Surety bonds in the construction industry usually ensure that a bonded principle will fulfill the obligations listed in a signed contract. If a bonded principal defaults on the contract, then the surety guarantees that the obligee will be made whole. This includes either taking action to make sure the work is completed according to the terms of the contract or a financial payout.
The types of commercial surety bonds include:
- License and permit bonds: These are required by government agencies when professionals or businesses apply for a license.
- Other types: Specialized commercial surety bonds apply to liquor companies, utilities, warehouse companies, auctioneers, lottery-ticket sellers, auto dealers, fuel sellers, travel agents, agricultural companies and various other companies or situations. Because surety bond requirements are typically set by government entities, commercial bond requirements can vary greatly between cities, counties, and states.
Visit ProSure Group's Commercial Bond page HERE for more information, or to get bonded today!
Fidelity surety bond
Companies buy fidelity surety bonds to protect themselves from employee dishonesty and theft. They are important for companies that deal with expensive items or large amounts of cash. Fidelity surety bonds cover businesses, as well as current, former, and temporary employees and directors, trustees, and partners.
There are three types of fidelity surety bonds:
- Business services bond: These protect against employee theft of or damage to client and customer assets, such as money, personal belongings, and supplies.
- Employee dishonesty bond: This type of bond protects a business from losses due to employees' dishonest behavior. It is often used by nonprofit organizations.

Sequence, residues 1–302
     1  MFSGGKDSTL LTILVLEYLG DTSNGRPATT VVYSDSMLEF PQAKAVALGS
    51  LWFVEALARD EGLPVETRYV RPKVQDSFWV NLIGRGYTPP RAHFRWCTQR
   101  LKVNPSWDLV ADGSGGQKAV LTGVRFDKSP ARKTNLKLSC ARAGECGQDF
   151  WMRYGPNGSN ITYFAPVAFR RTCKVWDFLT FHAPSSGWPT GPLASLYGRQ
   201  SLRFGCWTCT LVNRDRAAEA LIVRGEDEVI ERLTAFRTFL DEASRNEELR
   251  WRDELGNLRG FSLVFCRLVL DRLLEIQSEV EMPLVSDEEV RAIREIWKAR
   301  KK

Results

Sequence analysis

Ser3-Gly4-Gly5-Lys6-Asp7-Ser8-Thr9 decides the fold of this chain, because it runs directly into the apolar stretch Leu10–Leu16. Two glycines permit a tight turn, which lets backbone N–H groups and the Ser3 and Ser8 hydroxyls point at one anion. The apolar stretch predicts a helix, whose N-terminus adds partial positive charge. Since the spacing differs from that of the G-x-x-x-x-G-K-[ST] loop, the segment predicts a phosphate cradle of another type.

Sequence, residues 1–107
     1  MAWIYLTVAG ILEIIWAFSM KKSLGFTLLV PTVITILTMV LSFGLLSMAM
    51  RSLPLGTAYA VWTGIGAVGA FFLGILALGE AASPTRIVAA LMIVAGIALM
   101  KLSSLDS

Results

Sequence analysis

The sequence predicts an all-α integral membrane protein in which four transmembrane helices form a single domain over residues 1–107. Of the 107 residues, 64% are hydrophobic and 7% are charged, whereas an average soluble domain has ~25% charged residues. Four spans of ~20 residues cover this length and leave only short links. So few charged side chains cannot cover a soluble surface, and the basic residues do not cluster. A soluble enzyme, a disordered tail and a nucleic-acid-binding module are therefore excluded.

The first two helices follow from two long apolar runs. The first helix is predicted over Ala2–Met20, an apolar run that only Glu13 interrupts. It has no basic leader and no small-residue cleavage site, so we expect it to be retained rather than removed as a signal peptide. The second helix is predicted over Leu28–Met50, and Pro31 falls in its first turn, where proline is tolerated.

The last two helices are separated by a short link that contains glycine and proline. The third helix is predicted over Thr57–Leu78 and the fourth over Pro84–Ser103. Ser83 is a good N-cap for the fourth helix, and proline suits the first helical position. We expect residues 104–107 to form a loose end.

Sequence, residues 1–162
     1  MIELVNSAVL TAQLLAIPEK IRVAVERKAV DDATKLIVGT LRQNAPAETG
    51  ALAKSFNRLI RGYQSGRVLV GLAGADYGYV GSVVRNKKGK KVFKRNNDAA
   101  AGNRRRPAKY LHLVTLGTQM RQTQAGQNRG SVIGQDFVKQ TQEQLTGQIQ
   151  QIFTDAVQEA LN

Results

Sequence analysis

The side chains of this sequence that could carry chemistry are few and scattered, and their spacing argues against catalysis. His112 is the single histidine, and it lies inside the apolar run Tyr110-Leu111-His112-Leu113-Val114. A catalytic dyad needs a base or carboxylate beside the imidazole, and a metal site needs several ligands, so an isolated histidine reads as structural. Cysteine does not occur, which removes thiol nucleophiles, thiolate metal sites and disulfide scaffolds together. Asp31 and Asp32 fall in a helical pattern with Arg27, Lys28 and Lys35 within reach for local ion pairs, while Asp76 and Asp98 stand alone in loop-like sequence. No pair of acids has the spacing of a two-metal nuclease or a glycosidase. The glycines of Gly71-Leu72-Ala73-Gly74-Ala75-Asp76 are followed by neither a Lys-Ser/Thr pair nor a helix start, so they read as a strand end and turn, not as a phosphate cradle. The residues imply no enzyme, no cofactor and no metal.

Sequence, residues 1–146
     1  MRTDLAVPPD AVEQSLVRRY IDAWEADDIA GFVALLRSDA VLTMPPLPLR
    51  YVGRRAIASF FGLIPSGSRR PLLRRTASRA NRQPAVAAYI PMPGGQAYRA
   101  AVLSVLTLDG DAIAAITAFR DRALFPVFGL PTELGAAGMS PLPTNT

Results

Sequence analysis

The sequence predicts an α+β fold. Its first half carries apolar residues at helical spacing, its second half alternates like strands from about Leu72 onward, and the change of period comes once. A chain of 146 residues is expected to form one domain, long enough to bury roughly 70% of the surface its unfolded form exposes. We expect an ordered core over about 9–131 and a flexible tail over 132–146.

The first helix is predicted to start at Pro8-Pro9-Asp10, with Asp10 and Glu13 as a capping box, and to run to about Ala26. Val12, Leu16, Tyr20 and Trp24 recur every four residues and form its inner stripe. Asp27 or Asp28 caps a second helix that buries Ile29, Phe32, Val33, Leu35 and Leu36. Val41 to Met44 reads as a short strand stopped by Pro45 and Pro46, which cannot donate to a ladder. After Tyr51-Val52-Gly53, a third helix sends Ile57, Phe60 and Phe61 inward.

- ERISA bond: ERISA bonds are required by institutional investors and pension plans to protect participants from malpractice by employees who manage retirement plans.
Court surety bond
Court surety bonds protect persons or companies from losses during court cases. These are typically used by both plaintiffs and defendants, as well as estate administrators. Common types include:
- Administrator bond: This type of bond ensures that the administrator of an estate performs their court-appointed duties. It is typically used when the estate's owner died without a will or did not designate somebody to execute the will.
- Guardianship bond: These bonds guarantee that guardians will act in the interest of incapacitated persons and minors.
- Attachment bond: Courts are required to have these before they seize a person's property, as they guarantee that defendants will be paid for any damages resulting from the seizure.
ProSure Group has Court Bond specialists who can help walk you through the entire bonding process and answer any questions you may have along the way. For more information, or to get started on the court bond application process, visit our court bond page HERE!
To find out more about surety bonds and if they are right for your business, contact The ProSure Group, Inc. Our advisors are eager to help you receive the proper coverage for your business.